Australia is not one property market. Each of our capital cities have their own cycles and segments that perform differently.
Factors affecting the performance of one segment may have no effect on another. Uniformity of price movements across all markets is unrealistic (e.g. not all markets move in the same direction all at once).
Market conditions are still good
Market conditions typically preceding a crash in house prices are not evident in Australia.
Factors like rising interest rates, a severe tightening in credit conditions, bank failure, a sharp increase in unemployment or severe overbuilding that creates an oversupply are not threatening our market at present.
Auction Clearance Rates remain strong
Auction clearance rates were 8% across Australia’s capital cities for the last week of July 2017.
This is up from the same time last year where they were 67.9% according to the most widely cited property pricer CoreLogic’s statistics.
Stable employment growth forecasts
Employment growth will hold up demand in our largest capital cities reducing the likelihood of mortgage distress that could lead to forced sales and an oversupply.
(However, as highly indebted households cut back on spending, reducing overall consumption – this may put upward pressure on unemployment rates as businesses struggle financially).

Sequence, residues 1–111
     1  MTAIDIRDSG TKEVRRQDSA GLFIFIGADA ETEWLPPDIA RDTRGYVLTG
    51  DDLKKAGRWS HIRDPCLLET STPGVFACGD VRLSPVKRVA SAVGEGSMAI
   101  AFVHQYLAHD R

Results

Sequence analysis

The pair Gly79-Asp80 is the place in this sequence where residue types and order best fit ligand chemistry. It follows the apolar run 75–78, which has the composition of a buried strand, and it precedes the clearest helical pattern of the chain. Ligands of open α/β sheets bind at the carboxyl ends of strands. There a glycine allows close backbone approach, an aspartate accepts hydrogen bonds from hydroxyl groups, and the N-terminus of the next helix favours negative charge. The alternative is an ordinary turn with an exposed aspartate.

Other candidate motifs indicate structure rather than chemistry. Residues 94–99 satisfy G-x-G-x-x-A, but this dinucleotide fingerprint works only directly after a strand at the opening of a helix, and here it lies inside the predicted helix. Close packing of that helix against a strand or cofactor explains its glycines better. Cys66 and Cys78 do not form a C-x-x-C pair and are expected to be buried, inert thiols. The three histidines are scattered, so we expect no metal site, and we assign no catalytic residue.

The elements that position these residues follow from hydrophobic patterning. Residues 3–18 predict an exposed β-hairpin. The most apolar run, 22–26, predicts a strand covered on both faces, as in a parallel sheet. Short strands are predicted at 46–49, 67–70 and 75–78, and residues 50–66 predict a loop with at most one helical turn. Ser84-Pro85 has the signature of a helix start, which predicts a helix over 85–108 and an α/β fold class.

Housing Under supply Issues
This issue is debated hotly between different commentators.
HSBC bank published research last month that found the housing market in NSW is likely to remain under-supplied for some time yet despite the recent boom in residential construction, although many are suggesting that we are coming into a period of record supply / building completions.
It depends whom you ask on this one.
A strong economy
A healthy economy that will continue to perform at a level that is envied by of much of the Western world and will create jobs for anyone who wants one.
A strong banking system
A sound banking system with low interest rates for the foreseeable future, tight lending practices and low default rate.
Foreign Investment has little impact
The argument here is that foreign investment is not driving up prices as determined by the federal government’s parliamentary inquiry. Therefore any drop in demand should not negatively impact upon house prices.
The inquiry highlighted that overseas buyers actually help to make housing more affordable because their investment boosts the economy, provides jobs and — crucially — encourages new homes to be built, increasing housing supply.
It’s worth noting that this isn’t an exhaustive list of arguments – just a summary of the most widely discussed in relation to Australian property prices and where they are headed.
There are a number of overseas market conditions which many argue could impact Australian property prices which I have not discussed here.
Will Australian house prices drop?
This is a complicated argument with many, many factors at play. Which makes determining which way the cookie will crumble all that more difficult to predict.
What will be will be – BUT the smart ones will make sure they are prepared for the ride which ever way it goes.